Under \(H_0 : \mu_1 = ... = \mu_r,\) these deviations are all zero.

**Idea 3:**Use the weighted sum of the above deviations as an overall measurement of the deviation from \(H_0: \mu_1 = ... = \mu_r:\)

\[\sum_{i=1}^{r}n_i(\mu_i - \mu_.)^2\]

The weight of the *i*-th treatment group is its sample size \(n_i\), i.e., the more data, the more importance.

### Estimators

Estimate the population means by their sample counterparts:

\[\overline{Y}_{1.} \rightarrow \mu_1,...,\overline{Y}_{r.} \rightarrow \mu_r\]

and

\[\overline{Y}_{..} = \frac{1}{n_T}\sum_{i=1}^{n}n_i\overline{Y}_{i.} \rightarrow \mu.\]

Thus,

\[\sum_{i=1}^{r}n_i(\overline{Y}_{i.} - \overline{Y}_{..})^2\]

is a statistic to measure the deviation from \(H_0 : \mu_1 = ... = \mu_r\). However, \(\sum_{i=1}^{r}n_i(\overline{Y}_{i.} - \overline{Y}_{..})^2\) is *not* an unbiased estimator of \(\sum_{i=1}^{r}n_i(\mu_i - \mu_.)^2\). In fact

\[E[\sum_{i=1}^{r}n_i(\overline{Y}_{i.} - \overline{Y}_{..})^2] = (r - 1)\sigma^2 + \sum_{i=1}^{r}n_i(\mu_i - \mu_.)^2.\]

Nevertheless, we can compare the magnitude of \(\sum_{i=1}^{r}n_i(\overline{Y}_{i.} - \overline{Y}_{..})^2\) to that of \(\sigma^2\) to decide whether the deviation is large or not.

### Decomposition of Total Sum of Squares

Write

\[Y_{ij} - \overline{Y}_{..} = (Y_{ij} - \overline{Y}_{i.}) + (\overline{Y}_{i.} - \overline{Y}_{..})\]

- \(Y_{ij} - \overline{Y}_{..}\) : deviation of the response from the overall mean;
- \(\overline{Y}_{i.} - \overline{Y}_{..}\) : deviation of the
*i*-th factor level mean from the overall mean; - \(Y_{ij} - \overline{Y}_{i.}\) : deviation of the response from the corresponding factor level mean (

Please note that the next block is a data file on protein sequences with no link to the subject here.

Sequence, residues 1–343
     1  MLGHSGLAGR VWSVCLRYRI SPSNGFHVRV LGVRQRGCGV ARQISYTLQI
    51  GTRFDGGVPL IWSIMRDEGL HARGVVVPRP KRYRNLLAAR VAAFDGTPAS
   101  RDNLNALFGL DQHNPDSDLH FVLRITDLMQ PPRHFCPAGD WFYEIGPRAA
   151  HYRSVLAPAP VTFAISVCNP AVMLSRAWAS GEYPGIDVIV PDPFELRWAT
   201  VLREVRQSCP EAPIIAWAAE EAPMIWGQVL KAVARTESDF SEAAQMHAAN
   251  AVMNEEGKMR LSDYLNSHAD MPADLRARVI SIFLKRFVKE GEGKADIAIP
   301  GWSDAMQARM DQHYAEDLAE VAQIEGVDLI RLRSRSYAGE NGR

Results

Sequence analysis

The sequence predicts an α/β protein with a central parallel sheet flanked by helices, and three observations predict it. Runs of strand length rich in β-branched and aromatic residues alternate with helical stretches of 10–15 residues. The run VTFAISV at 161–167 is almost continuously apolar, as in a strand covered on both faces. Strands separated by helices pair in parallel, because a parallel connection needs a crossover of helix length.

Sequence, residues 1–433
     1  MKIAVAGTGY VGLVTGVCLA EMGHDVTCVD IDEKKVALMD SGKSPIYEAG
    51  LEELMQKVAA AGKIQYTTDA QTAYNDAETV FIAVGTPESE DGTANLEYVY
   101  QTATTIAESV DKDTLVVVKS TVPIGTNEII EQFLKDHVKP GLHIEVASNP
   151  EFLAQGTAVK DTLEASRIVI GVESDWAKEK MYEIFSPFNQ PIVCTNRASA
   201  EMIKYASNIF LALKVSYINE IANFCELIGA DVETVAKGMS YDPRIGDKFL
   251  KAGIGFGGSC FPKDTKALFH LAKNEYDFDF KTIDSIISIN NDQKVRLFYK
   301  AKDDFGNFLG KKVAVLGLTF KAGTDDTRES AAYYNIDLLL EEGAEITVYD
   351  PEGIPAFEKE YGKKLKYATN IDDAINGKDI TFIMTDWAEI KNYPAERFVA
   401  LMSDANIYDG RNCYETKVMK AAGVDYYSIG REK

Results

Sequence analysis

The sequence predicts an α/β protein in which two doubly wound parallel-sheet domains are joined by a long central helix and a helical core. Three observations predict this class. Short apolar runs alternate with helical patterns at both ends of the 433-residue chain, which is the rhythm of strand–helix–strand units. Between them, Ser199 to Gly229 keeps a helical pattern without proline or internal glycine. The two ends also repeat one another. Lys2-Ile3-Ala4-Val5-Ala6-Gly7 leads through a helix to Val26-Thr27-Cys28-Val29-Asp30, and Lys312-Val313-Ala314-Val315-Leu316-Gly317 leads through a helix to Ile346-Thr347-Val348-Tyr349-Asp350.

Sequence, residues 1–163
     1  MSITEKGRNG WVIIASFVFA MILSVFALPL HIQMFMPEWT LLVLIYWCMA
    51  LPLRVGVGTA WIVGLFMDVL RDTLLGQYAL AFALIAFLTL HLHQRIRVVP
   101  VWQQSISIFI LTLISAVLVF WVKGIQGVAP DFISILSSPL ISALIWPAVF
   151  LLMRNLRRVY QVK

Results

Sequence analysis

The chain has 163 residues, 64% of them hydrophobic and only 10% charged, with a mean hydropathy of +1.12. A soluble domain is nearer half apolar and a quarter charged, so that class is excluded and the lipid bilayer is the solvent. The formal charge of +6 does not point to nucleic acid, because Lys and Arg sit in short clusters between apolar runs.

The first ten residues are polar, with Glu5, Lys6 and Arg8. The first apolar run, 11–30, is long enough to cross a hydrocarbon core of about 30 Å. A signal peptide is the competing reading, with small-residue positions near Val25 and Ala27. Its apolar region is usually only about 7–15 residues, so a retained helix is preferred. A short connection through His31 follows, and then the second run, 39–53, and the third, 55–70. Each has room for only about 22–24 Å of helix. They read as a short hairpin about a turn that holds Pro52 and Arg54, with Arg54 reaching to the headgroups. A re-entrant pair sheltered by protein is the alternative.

**residual**).

Then the ANOVA decomposition of the sum of squares:

\[\sum_{i=1}^{r}\sum_{j=1}^{n_i}(Y_{ij} - \overline{Y}_{..})^2 = \sum_{i=1}^{r}\sum_{j=1}^{n_i}(Y_{ij} - \overline{Y}_{i.})^2 + \sum_{i=1}^{r}n_i(\overline{Y}_{i.} - \overline{Y}_{..})^2\].

This can be expressed as

\[SSTO = SSE + SSTR\]

where \(SSTO = \sum_{i=1}^{r}\sum_{j=1}^{n_i} (y_{ij} - \overline{y}_{..})^2\) is the *Total Sum of Squares;* \(SSE = \sum_{i=1}^{r}\sum_{j=1}^{n_i} (y_{ij} - \overline{y}_{i.})^2\) is the *Error Sum of Squares* and \(SSTR = \sum_{i=1}^{r}n_i(\overline{y}_{i.} - \overline{y}_{..})^2\) is the *Treatment Sum of Squares*.

**Interpretation of decomposition (5)**

- SSTO: A measure of the overall variability among the responses.
- SSTR: A measure of the variability among the factor level means. The more similar the factor level means are, the smaller is the SSTR.
- SSE: A measure of the random variation of the responses around their corresponding factor level means. The smaller the error variance is, the smaller the SSE tends to be.
- Overall variability is the sum of the variability due to difference in treatments and that due to random fluctuations.

**For the study on the effect of package design on sales volume**

Refer to table 1.3. Based on the information there:

\(SSTO = (11 - 18.63)^2 + (17 - 18.62)^2 + ... + (28 - 18.63)^2 = 746.42\)

\(SSTR = 5(14.6 - 18.63)^2 + 5(13.4 - 18.63)^2 + 4(19.5 - 18.63)^2 + 5(27.2 - 18.63)^2 = 588.22\)

\(SSE = {(11 - 14.6)^2 + ... + (15 - 14.6)^2} + ... + {(27 - 27.2)^2 + ... + (28 - 27.2)^2} = 158.20.\)

### Contributors

- Scott Brunstein (UCD)
- Debashis Paul (UCD)